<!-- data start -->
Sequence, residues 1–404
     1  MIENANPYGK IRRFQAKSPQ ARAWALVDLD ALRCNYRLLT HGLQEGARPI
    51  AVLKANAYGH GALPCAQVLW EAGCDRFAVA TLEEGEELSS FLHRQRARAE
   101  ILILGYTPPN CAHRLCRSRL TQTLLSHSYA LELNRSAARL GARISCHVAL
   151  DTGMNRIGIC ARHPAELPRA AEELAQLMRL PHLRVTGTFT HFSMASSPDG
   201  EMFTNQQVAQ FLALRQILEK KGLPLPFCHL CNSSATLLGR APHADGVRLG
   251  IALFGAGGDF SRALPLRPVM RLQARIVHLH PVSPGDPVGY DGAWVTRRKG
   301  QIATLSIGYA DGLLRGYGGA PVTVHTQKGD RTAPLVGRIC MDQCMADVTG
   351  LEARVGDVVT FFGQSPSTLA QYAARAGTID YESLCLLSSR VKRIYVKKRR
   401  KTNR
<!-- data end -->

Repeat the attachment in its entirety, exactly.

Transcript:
Sequence, residues 1–404
     1  MIENANPYGK IRRFQAKSPQ ARAWALVDLD ALRCNYRLLT HGLQEGARPI
    51  AVLKANAYGH GALPCAQVLW EAGCDRFAVA TLEEGEELSS FLHRQRARAE
   101  ILILGYTPPN CAHRLCRSRL TQTLLSHSYA LELNRSAARL GARISCHVAL
   151  DTGMNRIGIC ARHPAELPRA AEELAQLMRL PHLRVTGTFT HFSMASSPDG
   201  EMFTNQQVAQ FLALRQILEK KGLPLPFCHL CNSSATLLGR APHADGVRLG
   251  IALFGAGGDF SRALPLRPVM RLQARIVHLH PVSPGDPVGY DGAWVTRRKG
   301  QIATLSIGYA DGLLRGYGGA PVTVHTQKGD RTAPLVGRIC MDQCMADVTG
   351  LEARVGDVVT FFGQSPSTLA QYAARAGTID YESLCLLSSR VKRIYVKKRR
   401  KTNR